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  Technical Report: How to Make a Semantic Web Browser

How to Make a Semantic Web Browser

Technical Report #:04-04
Author(s): Dennis Quan
Category(s):User Interfaces, Semantic Web, RDF, Web Services, bioinformatics
Full Citation:World Wide Web Conference 2004.
New York, New York
May 2004
Copyright 2004, IBM. All rights reserved.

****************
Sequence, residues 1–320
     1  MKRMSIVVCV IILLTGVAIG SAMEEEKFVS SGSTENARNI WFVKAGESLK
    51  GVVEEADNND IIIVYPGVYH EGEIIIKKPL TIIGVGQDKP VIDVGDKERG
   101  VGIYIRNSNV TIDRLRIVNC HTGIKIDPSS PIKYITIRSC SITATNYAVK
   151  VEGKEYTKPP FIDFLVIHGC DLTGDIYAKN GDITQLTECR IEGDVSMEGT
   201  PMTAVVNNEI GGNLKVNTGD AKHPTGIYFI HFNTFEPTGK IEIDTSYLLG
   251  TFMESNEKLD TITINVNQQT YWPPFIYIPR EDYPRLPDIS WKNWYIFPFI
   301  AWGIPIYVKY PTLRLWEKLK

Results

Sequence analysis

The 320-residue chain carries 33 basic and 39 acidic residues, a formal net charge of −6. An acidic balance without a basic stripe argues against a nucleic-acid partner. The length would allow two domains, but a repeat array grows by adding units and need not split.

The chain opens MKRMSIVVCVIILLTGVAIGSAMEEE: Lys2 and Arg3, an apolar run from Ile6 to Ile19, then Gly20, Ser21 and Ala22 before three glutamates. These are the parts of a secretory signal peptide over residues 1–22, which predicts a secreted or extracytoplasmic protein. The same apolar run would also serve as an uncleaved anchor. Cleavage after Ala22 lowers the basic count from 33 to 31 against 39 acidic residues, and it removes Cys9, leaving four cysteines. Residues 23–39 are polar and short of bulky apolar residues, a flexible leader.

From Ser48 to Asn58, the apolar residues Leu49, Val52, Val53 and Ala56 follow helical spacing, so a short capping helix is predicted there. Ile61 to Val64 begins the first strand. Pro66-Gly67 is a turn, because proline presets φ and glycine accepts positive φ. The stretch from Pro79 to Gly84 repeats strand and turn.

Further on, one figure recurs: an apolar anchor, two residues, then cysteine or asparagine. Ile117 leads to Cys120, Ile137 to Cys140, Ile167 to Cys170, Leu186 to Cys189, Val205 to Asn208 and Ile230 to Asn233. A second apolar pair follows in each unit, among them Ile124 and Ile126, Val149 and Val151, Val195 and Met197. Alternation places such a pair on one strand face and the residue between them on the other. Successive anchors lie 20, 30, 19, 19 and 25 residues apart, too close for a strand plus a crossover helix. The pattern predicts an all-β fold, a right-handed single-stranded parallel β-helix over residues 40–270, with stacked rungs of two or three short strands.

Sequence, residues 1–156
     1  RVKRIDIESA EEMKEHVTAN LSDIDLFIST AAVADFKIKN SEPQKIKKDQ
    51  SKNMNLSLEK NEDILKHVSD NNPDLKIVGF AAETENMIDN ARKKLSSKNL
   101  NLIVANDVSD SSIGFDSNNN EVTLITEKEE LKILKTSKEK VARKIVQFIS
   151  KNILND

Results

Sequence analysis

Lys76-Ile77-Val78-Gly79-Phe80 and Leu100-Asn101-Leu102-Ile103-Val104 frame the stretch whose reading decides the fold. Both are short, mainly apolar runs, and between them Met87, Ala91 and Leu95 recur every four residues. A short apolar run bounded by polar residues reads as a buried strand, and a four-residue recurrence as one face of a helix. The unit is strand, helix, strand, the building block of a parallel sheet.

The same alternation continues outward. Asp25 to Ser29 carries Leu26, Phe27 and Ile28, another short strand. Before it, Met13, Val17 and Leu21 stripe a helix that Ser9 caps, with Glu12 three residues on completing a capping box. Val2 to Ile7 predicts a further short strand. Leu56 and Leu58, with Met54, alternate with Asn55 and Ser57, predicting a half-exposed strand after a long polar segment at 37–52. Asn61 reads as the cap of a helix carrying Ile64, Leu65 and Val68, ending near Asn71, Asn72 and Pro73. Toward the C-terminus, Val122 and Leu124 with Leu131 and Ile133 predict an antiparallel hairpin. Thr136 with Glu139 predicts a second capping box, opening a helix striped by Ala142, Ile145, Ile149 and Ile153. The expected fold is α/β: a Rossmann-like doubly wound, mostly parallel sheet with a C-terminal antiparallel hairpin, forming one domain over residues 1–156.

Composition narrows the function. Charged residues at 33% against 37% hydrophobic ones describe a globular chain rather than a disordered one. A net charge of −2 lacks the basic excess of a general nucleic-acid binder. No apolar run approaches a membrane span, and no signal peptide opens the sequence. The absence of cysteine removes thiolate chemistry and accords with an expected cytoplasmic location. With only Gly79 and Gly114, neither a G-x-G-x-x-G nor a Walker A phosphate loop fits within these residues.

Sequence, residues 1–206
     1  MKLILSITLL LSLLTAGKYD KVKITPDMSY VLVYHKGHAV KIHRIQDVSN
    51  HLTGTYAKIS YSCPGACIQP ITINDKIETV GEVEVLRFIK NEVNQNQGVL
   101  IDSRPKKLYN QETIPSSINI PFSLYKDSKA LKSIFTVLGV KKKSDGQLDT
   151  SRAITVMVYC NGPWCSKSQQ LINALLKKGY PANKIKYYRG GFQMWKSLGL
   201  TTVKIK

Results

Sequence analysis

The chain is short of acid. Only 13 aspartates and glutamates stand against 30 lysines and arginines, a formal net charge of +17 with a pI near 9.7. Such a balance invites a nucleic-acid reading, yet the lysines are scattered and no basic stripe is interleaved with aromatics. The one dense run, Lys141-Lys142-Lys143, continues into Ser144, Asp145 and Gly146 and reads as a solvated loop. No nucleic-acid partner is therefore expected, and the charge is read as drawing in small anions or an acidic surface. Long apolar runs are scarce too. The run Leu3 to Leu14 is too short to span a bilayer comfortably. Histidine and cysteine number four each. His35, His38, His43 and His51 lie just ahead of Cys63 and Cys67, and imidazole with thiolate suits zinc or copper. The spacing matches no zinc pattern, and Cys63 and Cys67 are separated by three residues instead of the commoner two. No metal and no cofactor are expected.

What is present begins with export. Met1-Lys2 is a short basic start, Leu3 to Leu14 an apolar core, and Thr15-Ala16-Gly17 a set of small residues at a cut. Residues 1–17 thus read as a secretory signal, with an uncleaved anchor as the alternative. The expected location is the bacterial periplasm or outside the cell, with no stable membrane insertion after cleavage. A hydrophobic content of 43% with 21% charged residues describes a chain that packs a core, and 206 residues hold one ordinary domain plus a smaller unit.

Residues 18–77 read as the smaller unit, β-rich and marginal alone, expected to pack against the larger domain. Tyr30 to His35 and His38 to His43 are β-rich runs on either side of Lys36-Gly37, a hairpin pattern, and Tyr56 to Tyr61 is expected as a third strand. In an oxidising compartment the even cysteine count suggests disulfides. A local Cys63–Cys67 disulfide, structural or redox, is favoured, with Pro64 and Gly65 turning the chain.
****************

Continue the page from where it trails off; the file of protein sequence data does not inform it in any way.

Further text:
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Two important architectural choices underlie the success of the Web: numerous, independently operated servers speak a common protocol, and a single type of client—the Web browser—provides point-and-click access to the content and services on these decentralized servers. However, because HTML marries content and presentation into a single representation, end users are often stuck with inappropriate choices made by the Web site designer of how to work with and view the content. RDF metadata on the Semantic Web does not have this limitation: users can access the underlying information and control how it is presented for themselves. This principle forms the basis for our Semantic Web browser—an end-user application that automatically locates metadata and assembles point-and-click interfaces from a combination of relevant information, ontological specifications, and presentation knowledge, all described in RDF and retrieved dynamically from the Semantic Web. With such a tool, nave users can begin to discover, explore, and use Semantic Web data and services. Because data and services are accessed directly through a standalone client rather than through a central point of access (e.g., a portal), new content and services can be consumed as soon as they become available. In this way we take advantage of an important sociological force that encourages the production of new Semantic Web content by remaining faithful to the decentralized nature of the Web.

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